We've had Damon and Audrey with us for almost a week now. Can't believe they're about to leave already! (Tomorrow.) Many thanks to Shelly's mom and sister Becky for driving them out to us and helping us so much with them all week. It's been fantastic having them here. Taking care of them in our current living situation is a lot of work (especially getting Audrey to nap or sleep at night, since we all share one room), but they are SO much fun. We had a little party to belatedly celebrate Damon's birthday. He loves the playground in Golden Gate Park. It has this big concrete slide and a bunch of cardboard pieces that kids can sit on to ride down, and Damon loves it. He's been a joy to have around, and had a few funny lines, such as, "Audrey's scared of tacos" (not really, he just didn't want to eat them) and "I made a pee!" (which, happily, was the letter and not an accident). Audrey absolutely loves this Dora video grandma got for her, with an episode with "superbabies" that she always wants to see. It is hilarious hearing her repeatedly ask for "supobaby!" It's our line of the week. She says "iss a dinosowa!," can count to eleven, can sing about thirty or forty songs and does a million other funny things.
Monday we had another day of appointments, and Kaitlyn and Shelly are still both doing very well. There are still no contractions and the cervix looks long and thin (i.e. not close to labor), so hopefully that will continue. Kaitlyn is still very active; they do this test where they watch her movements on the ultrasound monitor to see if she does everything she's supposed to for her age, and they were able to check off all 8 of 8 within two minutes. Her legs are still kicking well, which we're always thrilled to see.
The one thing that makes us only slightly concerned is a very slight trend of building up of cerebrospinal fluid (CSF) in the brain. The ventricles, which are basically sacs that hold fluid to cushion the brain, should normally measure up to 10 mm in width. Kaitlyn's ventricles measured 6 and 7 in the days just prior to the surgery; last week they were 9 mm, and this week they are 10 mm. So she's still within the normal range; it's not really scary until it gets up to 16, 18, etc. And there is the obvious issue of measuring error; millimeters are pretty small, and each ultrasound tech might get a slightly different result. So we'll see over the next few weeks if this trend continues. We kind of expected this, though. Before the surgery the CSF was leaking out of the lesion in her back, and now that escape route is closed. The rationale behind the surgery, as Dr. Gupta (Kaitlyn's neurosurgeon) explained, is that our brains are normally able to reabsorb all of the CSF they produce. A baby with spina bifida, because the CSF leaks out of the open spinal column lesion in her back, doesn't develop the normal systems for reabsorbing the CSF. They don't yet understand how those systems really work or at what gestational age they ordinarily develop. But the hope is that by doing this surgery, the brain will have a few extra months during which it will hopefully have time to develop those systems. So it stands to reason that there should be some buildup of CSF after the lesion is closed; we just hope that her brain learns how to reabsorb it in time.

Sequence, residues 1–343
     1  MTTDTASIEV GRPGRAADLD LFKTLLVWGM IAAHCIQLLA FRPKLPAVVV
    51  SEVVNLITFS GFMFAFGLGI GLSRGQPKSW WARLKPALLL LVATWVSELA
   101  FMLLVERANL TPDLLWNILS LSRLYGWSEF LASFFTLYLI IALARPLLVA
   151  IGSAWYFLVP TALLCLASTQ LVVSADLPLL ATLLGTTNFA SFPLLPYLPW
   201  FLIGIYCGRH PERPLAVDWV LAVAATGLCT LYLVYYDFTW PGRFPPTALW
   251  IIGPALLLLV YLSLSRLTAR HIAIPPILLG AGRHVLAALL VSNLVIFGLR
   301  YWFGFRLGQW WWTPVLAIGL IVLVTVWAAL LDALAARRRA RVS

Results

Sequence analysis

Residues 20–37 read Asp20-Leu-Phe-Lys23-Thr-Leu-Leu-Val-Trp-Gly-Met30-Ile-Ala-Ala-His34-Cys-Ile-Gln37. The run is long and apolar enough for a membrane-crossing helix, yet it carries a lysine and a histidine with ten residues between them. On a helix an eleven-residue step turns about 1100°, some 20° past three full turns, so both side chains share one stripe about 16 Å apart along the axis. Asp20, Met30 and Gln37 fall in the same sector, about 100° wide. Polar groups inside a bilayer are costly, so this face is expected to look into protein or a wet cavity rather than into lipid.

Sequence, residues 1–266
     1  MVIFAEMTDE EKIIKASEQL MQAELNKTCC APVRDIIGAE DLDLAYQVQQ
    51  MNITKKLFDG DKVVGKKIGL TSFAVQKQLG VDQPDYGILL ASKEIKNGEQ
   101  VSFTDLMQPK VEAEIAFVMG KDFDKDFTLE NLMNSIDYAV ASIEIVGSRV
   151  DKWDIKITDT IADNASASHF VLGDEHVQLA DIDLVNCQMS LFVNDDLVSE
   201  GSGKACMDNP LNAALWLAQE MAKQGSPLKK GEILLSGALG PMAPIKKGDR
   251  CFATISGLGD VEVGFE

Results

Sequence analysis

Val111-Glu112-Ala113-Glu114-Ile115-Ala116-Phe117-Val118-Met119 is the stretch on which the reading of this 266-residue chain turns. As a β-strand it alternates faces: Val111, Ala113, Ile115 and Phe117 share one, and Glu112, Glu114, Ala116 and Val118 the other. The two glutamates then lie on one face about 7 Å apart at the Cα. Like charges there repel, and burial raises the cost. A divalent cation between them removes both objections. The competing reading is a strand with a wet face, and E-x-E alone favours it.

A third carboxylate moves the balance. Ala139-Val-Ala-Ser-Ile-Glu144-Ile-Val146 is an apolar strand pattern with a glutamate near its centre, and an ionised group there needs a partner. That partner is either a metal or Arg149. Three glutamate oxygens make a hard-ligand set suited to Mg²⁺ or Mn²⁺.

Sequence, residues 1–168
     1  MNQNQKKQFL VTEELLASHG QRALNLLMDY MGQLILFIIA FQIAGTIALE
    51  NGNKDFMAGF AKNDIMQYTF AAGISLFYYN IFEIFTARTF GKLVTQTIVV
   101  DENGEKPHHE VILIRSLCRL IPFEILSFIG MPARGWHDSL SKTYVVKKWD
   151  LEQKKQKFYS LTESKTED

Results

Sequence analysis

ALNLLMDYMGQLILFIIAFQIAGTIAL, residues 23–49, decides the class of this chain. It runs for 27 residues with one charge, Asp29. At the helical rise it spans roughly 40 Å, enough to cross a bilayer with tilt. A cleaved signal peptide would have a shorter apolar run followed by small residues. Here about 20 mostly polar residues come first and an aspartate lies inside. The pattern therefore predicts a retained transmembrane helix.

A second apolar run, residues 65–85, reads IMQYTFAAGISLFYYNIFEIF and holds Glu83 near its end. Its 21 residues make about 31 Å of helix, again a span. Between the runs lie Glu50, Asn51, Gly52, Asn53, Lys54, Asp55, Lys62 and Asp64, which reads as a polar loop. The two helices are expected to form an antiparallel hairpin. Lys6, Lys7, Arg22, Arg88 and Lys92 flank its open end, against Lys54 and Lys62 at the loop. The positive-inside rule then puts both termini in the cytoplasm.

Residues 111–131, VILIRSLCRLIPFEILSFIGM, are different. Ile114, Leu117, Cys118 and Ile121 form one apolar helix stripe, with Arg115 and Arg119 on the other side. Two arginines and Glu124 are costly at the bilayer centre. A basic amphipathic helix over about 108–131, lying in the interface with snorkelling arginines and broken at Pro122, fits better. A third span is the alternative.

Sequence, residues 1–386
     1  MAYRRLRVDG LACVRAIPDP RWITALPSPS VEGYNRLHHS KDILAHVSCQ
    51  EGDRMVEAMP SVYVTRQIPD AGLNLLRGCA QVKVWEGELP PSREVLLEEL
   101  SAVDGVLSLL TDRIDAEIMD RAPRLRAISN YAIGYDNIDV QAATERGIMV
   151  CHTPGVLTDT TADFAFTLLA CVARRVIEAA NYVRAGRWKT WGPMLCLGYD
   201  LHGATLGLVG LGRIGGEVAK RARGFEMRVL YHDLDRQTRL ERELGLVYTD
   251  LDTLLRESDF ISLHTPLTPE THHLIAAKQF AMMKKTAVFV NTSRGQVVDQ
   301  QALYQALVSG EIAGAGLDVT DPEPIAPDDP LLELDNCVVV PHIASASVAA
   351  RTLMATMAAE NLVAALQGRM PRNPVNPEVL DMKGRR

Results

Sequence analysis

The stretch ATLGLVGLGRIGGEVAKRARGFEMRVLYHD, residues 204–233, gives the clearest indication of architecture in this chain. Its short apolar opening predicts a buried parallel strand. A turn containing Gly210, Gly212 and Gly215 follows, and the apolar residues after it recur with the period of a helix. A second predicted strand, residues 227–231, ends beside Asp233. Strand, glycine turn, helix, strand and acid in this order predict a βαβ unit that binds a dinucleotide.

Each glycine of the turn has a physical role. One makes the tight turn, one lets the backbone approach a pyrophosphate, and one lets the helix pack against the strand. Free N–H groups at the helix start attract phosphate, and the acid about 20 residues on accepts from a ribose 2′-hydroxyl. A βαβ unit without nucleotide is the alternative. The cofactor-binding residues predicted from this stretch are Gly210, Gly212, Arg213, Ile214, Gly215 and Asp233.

Shelly, by the way, is doing fantastic. She still gets tired quickly and there are times when she feels nauseous or in some pain, but every day does seem to be better. We've been getting out pretty much every day since the kids got here -- the park, out to restaurants nearby, church on Sunday (we went to all three hours), a few drives around town, to the mall, to Fisherman's Wharf, the beach, and today hopefully the museum or the zoo -- and we just push her in the wheelchair, and she feels fine. It's been a great week with the kids.